Bornean moths protect themselves from birds by creating leaf tents.
"In the rain forests of Borneo, one small moth caterpillar constructs a most ingenious device that enables it to feed out of the sight of hungry birds. It starts work on the margin of a leaf and chews a cut inwards as though it were about to remove a semicircular segment. But when it reaches the farthest extent of the curve and seems about to arch back towards the margin, it stops and returns to the edge of the leaf. It walks along it and makes another cut as if to complete the semicircle from the other direction. But just before it joins the first cut, it stops. The segment is now attached only by a small hinge. The caterpillar next spins silken threads across the hinge between the segment and the rest of the leaf. As the silk dries, it contracts. This first hoists the segment into the air and then brings it down on top of the caterpillar. Now, working from beneath, the caterpillar makes a short slit at right angles to the cut edge of the segment. It converts the segment into a tiny dome. The whole process takes a couple of hours. As a result of all this ingenious labour, the caterpillar can nibble away at the leaf surface beneath, safe from the eyes and beaks of hungry birds." (Attenborough 1995:56-58)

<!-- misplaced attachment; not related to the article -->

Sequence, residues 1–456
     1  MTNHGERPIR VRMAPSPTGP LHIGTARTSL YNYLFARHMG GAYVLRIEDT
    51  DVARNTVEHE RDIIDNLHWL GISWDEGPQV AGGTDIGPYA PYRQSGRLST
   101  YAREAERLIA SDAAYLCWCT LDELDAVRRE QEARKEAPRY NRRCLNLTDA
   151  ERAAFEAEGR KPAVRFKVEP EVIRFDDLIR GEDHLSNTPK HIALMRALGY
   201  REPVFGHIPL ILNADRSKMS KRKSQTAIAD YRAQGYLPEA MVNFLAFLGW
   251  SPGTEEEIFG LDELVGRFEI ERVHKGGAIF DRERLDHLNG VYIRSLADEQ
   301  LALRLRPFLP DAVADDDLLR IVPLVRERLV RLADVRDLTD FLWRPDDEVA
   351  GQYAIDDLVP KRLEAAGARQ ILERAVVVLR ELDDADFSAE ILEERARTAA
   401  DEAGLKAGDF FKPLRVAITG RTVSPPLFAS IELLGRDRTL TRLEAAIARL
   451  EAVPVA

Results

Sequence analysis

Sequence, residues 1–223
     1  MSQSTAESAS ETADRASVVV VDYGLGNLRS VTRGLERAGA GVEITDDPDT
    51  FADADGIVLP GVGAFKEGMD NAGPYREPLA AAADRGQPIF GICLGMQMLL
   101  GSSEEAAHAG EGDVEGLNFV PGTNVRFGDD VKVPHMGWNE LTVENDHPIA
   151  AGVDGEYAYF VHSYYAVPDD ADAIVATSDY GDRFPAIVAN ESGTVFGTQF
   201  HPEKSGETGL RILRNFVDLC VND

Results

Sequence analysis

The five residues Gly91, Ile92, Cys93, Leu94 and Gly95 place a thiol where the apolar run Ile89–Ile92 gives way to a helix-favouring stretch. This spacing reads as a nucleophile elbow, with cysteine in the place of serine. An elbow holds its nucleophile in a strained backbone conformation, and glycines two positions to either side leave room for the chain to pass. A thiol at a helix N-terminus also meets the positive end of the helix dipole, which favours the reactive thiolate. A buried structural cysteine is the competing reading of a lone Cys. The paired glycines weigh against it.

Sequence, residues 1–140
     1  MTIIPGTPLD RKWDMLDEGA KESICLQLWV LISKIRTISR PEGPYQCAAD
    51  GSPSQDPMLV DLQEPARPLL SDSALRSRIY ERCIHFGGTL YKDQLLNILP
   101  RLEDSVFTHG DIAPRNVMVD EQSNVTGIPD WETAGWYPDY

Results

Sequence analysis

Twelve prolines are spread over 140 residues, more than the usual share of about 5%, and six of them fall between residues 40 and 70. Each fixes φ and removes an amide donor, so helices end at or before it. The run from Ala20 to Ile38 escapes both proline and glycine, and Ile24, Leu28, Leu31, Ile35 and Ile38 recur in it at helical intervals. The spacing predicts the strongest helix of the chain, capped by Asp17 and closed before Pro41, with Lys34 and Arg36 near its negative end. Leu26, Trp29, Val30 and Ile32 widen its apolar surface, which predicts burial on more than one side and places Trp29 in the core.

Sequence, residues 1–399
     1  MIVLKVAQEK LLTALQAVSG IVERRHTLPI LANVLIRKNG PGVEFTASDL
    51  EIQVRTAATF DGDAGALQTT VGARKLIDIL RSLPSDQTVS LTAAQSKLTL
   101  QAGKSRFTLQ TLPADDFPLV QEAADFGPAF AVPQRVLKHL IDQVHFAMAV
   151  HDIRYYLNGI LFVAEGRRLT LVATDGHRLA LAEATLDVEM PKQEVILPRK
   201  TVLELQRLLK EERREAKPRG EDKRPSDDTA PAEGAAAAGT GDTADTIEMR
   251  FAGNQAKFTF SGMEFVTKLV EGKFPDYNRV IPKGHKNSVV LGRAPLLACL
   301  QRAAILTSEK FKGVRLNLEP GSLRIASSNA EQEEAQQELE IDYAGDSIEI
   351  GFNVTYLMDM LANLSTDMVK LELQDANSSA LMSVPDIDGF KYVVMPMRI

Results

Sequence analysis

Learn more about this functional adaptation.
- Attenborough, D. 1995. The Private Life of Plants: A Natural History of Plant Behavior. London: BBC Books. 320 p.
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